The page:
The night is far gone; the day is at hand.” These words tell us that the last stage in the history of the Church has come. And this last stage has lasted 2000 years so far.

2 Peter 3:8 ESV But do not overlook this one fact, beloved,” writes the Apostle Peter, “that with the Lord one day is as a thousand years, and a thousand years as one day.

And when the disciples asked: “when will these things be, and what will be the sign of your coming and of the end of the age,” He did not give them a precise time but answered:

“You …. must be ready, for the Son of Man is coming at an hour you do not expect. (45) … (46) Blessed is that servant whom his master will find so doing when he comes.” (Matthew 24:44-46)

Knowing that “The night is far gone; the day is at hand” our duty is to be ready and prepared.

These words also provide us with the strongest motive for diligence in the work of doing good to souls.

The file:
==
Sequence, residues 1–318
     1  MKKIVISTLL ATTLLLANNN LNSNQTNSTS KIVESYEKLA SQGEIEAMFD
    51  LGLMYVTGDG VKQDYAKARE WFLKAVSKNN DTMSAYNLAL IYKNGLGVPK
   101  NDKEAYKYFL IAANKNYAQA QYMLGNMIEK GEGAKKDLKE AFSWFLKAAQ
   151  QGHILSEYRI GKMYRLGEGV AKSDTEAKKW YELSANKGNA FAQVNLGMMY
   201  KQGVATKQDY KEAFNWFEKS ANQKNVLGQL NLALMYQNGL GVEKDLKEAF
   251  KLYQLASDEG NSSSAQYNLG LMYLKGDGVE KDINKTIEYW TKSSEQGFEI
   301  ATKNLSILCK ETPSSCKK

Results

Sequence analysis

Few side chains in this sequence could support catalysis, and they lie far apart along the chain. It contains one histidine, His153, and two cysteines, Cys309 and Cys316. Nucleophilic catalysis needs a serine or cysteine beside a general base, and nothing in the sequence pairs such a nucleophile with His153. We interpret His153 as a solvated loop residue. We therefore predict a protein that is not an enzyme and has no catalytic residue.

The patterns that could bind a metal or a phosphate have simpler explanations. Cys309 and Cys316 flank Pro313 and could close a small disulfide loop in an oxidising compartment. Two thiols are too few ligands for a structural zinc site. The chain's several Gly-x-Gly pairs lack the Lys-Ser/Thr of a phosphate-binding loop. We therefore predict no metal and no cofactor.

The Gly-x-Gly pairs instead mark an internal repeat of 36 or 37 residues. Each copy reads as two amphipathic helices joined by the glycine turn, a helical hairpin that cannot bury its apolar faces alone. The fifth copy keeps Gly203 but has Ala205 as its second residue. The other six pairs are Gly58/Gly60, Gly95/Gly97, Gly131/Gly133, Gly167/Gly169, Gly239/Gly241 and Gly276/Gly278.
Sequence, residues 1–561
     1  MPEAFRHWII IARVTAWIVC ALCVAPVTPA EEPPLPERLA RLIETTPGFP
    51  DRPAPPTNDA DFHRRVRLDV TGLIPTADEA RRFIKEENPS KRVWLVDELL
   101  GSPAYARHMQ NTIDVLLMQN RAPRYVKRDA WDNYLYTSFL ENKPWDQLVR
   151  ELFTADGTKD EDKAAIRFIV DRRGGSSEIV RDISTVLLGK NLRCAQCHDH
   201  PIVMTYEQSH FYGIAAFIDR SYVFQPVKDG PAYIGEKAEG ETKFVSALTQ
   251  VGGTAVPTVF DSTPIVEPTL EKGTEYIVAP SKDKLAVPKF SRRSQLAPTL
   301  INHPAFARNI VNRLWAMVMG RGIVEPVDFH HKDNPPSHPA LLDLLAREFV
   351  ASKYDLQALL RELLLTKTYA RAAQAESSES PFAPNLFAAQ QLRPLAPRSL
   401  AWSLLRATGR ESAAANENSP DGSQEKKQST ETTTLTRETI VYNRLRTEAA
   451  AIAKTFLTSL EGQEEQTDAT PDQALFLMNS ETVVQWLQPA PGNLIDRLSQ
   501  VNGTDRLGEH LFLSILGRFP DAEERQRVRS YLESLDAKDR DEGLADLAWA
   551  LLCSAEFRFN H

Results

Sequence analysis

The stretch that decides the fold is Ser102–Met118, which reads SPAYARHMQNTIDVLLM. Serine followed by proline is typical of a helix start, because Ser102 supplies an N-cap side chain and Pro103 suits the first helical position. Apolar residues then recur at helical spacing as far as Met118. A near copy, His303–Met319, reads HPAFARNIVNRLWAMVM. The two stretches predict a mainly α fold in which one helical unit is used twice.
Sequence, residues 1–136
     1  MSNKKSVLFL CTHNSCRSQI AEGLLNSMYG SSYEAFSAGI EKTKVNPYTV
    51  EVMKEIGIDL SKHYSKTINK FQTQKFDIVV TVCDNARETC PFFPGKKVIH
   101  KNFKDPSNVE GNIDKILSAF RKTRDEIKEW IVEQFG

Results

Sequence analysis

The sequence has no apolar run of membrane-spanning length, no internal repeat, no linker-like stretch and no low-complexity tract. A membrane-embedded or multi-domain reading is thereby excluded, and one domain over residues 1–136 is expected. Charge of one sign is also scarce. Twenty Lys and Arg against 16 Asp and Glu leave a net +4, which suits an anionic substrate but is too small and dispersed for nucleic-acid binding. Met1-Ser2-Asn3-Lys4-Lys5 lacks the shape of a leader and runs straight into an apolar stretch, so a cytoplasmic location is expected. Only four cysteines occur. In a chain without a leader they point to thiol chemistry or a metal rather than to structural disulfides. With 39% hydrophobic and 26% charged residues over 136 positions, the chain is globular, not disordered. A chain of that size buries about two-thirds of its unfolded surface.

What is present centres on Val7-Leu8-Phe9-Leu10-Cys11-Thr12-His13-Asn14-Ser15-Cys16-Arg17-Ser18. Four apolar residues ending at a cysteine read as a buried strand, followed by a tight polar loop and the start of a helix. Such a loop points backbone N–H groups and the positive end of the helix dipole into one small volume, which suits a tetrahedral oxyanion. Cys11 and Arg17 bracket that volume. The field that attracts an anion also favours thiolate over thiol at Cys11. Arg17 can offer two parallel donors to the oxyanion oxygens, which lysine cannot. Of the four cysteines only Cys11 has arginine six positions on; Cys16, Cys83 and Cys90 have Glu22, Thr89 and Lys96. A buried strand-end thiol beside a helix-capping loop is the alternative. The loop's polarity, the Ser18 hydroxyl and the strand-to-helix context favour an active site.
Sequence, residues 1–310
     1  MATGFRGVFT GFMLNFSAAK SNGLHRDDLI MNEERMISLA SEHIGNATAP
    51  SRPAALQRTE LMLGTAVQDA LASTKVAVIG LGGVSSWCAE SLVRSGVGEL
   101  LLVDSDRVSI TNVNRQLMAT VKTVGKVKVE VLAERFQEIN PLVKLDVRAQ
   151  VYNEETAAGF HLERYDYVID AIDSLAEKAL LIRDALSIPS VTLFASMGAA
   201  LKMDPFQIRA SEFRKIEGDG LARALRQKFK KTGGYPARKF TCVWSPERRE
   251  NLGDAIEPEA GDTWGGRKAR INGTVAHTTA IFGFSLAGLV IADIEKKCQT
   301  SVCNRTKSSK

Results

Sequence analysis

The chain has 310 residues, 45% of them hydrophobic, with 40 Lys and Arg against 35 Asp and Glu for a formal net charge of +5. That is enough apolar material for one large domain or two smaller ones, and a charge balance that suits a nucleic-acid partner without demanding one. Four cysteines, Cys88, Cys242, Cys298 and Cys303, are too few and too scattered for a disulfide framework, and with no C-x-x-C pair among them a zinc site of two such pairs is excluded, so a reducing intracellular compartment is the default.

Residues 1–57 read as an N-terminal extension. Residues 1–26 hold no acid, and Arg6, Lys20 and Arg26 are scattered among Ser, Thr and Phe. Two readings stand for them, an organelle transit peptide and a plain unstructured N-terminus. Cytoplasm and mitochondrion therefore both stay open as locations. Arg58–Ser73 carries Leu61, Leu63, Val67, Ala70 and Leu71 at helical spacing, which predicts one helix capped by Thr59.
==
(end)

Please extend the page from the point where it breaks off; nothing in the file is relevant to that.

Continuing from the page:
Let us do what we can to hasten the spread of the Gospel over the world. Let us take more pains in endeavouring to sow truth at home. Let us labour, if possible, to pluck more brands from the fire. The time is short. The night is far gone. The day is at hand.

These words also provide the strongest consolation for the believer in Christ Jesus. Would that we would lay hold on it more and more.

Yet a little while, and believers will part for ever with disease. The sick and wearied ones, who have mourned over their seeming uselessness to the church,—the weak and infirm, who have had the desire to work, but not the power,—the feeble and bed­ridden, who have waited long-drawn years in quiet rooms, till their eyes know every crack and speck on their walls,—all, all will be set free. They will each have a glorious body like their Lord’s.

Yet a little while, and mourning believers will part for ever with their tears. Every wound in their hearts will be completely healed. Every empty place and gap in their affections will be entirely filled up. They will find that those who have died in the Lord were not lost, but gone before. They will see that infinite wisdom arranged every bereavement, by which one was taken and another left. They will magnify the Lord together with those who were once their companions in tribulation, and acknowledge that He did all things well, and led them by a right way.